Formation of Newcastle’s Clarion Drama Club

Event date(s)

17 March 1911


The first meeting of Newcastle's Clarion Drama Club took place on 17 March 1911. These drama clubs were a national phenomenon, and part of the movement associated with Robert Blatchford's socialist newspaper The Clarion. The earliest were formed in Manchester and Birmingham, and there were 10 across the country by 1910. Along with cycling clubs, swimming clubs and holiday clubs, Clarion drama groups were a means of fulfilling the movement's ambition to broaden the appeal of socialism. One of the immediate triggers for the foundation of the Newcastle group was the need to raise funds for the city's branch of the British Socialist Party, which also used the rooms on Leazes Park Road. The club's initiators included Colin Veitch (also the captain of Newcastle United football club), Norman Veitch, and Wilf Armstrong. In 1915 the group moved to premises in the Royal Arcade on Pilgrim Street; in 1929 they moved to a converted chapel at Rye Hill; and in 1962 into the former Lyric cinema in Heaton. This is still the home of Newcastle's People's Theatre. The theatre had severed its connection with the BSP during the First World War, and changed its name, dropping the Clarion banner, during the 1920s. In its Royal Arcade days the theatre was nevertheless still described as 'the left-wing cultural centre of the town'. The drama group's performance of George Bernard Shaw's The Shewing-up of Blanco Posnet in September 1911 defied the Lord Chamberlain's censorship of this play on the grounds of its open discussion of prostitution. This was the first of many performances of Shaw's plays: Shaw also visited the theatre twice, in 1921 and 1936. The group also had a strong repertoire of plays by international playwrights, including Ibsen and Tolstoy.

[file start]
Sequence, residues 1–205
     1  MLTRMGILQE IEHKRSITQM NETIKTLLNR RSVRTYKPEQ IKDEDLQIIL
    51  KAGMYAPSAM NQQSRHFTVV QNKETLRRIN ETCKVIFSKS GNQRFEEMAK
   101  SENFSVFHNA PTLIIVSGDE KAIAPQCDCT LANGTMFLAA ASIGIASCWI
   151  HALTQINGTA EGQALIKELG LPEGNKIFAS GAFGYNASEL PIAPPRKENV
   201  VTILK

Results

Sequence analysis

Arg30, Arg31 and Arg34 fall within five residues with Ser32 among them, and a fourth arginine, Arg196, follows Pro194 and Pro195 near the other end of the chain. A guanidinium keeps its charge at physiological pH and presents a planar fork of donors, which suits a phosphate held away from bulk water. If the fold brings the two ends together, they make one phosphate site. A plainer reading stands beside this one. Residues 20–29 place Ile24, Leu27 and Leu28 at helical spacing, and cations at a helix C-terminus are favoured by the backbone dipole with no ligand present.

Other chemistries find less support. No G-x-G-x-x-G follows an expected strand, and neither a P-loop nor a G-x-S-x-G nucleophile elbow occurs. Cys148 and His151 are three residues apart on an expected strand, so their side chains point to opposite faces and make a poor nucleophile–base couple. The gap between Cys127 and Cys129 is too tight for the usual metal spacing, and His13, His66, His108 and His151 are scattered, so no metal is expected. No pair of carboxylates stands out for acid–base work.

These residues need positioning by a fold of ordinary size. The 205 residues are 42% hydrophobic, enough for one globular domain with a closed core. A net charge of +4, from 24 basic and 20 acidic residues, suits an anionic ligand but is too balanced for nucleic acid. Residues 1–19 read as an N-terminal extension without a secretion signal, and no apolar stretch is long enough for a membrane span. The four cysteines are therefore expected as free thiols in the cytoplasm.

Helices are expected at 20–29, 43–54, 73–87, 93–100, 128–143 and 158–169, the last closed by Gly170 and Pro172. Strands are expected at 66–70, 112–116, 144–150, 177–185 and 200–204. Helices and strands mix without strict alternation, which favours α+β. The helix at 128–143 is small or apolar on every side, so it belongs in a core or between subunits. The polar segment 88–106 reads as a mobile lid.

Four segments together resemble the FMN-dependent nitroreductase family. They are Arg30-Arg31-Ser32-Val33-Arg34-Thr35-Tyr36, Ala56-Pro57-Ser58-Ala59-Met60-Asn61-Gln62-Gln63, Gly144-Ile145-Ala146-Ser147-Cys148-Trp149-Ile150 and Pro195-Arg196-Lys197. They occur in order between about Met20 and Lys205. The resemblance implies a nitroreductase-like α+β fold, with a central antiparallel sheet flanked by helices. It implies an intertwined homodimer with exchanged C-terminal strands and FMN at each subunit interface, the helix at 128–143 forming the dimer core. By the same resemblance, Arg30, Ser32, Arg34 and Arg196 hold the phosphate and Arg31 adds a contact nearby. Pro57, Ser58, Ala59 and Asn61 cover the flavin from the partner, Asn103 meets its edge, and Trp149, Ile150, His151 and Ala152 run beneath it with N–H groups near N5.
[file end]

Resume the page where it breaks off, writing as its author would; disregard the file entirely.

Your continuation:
Further reading

Christopher Goulding, The Story of the People's (Newcastle upon Tyne, 1991); Norman Veitch, The People's: being a history of the People's Theatre, Newcastle upon Tyne, 1911-1939 (Gateshead, 1950); K. Armstrong, 'People's Theatre: People's Education', North East History 39 (2008) pp. 144-152.